Remember when Poughkeepsie used to always smell like raw sewage?

Yeah, so do we. Anyone who was living in the Hudson Valley from the 1970s through the 1990s remembers that horrid "broccoli smell" that used to emanate from the water treatment plant.

The plant, situated near Marist College on the Hudson River, was so inefficient that the wastewater facility received fines dating back to the 1970s. That's when the City of Poughkeepsie decided to call in Veolia, the company tasked with getting rid of that dreaded poop smell.

Water and Wastes Digest recently published an article about Poughkeepsie's odor issues. They say Veolia upgraded the biosolids processing system by redirecting the air from the sewage tanks to stop that poop smell from being released into the city. The result was an 85 percent reduction in odor complaints.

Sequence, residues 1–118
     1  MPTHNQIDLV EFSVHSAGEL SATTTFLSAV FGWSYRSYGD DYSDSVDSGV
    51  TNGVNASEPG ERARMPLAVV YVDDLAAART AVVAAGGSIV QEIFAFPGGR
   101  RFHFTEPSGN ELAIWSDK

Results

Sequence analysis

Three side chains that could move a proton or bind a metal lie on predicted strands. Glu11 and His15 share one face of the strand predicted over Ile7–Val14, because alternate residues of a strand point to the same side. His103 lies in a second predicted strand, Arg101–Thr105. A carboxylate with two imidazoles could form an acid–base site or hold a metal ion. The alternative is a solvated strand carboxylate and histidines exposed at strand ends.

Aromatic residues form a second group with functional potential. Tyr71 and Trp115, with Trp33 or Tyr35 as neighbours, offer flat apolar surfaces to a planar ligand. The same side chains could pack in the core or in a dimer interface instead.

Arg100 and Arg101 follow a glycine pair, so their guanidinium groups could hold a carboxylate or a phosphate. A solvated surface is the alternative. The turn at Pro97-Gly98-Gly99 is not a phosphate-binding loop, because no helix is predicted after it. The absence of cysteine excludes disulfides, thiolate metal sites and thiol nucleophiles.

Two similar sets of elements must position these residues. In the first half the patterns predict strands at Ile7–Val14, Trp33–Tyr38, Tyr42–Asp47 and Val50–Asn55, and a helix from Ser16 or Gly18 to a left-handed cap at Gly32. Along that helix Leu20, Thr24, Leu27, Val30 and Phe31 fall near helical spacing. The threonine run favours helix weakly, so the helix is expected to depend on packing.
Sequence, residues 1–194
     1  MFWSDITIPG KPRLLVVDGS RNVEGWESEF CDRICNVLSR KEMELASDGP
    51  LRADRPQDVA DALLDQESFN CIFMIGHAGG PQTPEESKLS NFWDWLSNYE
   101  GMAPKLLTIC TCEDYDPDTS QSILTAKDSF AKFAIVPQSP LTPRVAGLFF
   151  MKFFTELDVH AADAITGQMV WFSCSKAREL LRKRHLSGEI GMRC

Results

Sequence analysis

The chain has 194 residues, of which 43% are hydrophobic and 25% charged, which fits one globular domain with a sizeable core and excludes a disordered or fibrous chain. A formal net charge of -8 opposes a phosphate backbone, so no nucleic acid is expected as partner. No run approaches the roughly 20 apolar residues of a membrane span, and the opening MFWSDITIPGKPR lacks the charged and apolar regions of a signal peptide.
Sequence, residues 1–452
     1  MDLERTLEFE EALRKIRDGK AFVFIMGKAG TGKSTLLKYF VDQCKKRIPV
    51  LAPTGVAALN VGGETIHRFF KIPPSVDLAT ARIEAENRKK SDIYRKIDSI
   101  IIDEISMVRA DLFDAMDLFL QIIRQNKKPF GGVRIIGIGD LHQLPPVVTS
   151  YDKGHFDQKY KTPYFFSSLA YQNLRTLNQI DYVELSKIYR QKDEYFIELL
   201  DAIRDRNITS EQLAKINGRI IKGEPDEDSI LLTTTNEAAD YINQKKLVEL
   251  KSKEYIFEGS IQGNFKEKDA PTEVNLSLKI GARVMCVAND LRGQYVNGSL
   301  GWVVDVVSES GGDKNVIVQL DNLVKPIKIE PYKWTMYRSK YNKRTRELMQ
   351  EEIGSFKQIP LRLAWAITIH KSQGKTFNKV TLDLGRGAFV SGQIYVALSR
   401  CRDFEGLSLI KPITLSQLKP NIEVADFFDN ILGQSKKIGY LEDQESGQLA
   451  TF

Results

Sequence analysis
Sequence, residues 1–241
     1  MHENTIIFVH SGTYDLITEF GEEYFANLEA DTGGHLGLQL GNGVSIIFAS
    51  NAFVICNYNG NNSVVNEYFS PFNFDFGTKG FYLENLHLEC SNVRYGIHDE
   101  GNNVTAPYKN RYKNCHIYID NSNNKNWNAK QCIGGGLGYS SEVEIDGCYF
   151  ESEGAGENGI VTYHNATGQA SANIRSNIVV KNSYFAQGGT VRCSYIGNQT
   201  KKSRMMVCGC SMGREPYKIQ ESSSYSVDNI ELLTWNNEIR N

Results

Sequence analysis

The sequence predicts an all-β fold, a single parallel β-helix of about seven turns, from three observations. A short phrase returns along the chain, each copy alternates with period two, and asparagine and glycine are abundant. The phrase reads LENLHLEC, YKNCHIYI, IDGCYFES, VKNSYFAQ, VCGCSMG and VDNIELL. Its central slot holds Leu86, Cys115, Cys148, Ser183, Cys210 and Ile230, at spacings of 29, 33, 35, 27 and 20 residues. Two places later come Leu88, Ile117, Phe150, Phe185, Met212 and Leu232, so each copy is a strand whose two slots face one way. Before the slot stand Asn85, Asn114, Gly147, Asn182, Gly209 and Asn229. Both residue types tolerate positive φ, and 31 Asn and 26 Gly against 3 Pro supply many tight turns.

In addition to the escaping air, the company solved other maintenance issues by replacing unreliable springs with simple bungee cords. The cords lasted longer and cut down on the collection of solid waists being collected in the corners of the tanks, another source of the odor.

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Poughkeepsie has renewed their partnership with Veolia for another 10 years to help oversee the plant as well as other waste water systems. The City has already seen its annual operating expenses reduced by $170,000 because of the improvements. That and other upgrades have saved Poughkeepsie an estimated $6.6 million over the past 10 years.

While our poop smell is just a faded memory, other communities across the county are still dealing with similar stinky issues. Veolia says the City of Poughkeepsie has become a model for those other places and an example of how that poop smell can finally be flushed away once and for all.